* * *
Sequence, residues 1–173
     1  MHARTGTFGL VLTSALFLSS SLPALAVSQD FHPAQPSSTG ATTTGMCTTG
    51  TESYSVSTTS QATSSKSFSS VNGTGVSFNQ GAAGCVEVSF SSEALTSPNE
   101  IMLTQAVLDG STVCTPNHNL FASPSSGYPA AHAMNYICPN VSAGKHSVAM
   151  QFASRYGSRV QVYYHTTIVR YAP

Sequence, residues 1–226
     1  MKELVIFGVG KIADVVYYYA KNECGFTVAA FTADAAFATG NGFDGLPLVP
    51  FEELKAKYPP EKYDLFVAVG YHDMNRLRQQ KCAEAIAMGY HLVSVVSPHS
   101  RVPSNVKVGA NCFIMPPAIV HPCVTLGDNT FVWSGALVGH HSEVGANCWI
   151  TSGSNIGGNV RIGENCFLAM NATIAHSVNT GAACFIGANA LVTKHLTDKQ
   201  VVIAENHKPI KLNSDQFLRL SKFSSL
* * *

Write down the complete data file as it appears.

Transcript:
Sequence, residues 1–173
     1  MHARTGTFGL VLTSALFLSS SLPALAVSQD FHPAQPSSTG ATTTGMCTTG
    51  TESYSVSTTS QATSSKSFSS VNGTGVSFNQ GAAGCVEVSF SSEALTSPNE
   101  IMLTQAVLDG STVCTPNHNL FASPSSGYPA AHAMNYICPN VSAGKHSVAM
   151  QFASRYGSRV QVYYHTTIVR YAP

Sequence, residues 1–226
     1  MKELVIFGVG KIADVVYYYA KNECGFTVAA FTADAAFATG NGFDGLPLVP
    51  FEELKAKYPP EKYDLFVAVG YHDMNRLRQQ KCAEAIAMGY HLVSVVSPHS
   101  RVPSNVKVGA NCFIMPPAIV HPCVTLGDNT FVWSGALVGH HSEVGANCWI
   151  TSGSNIGGNV RIGENCFLAM NATIAHSVNT GAACFIGANA LVTKHLTDKQ
   201  VVIAENHKPI KLNSDQFLRL SKFSSL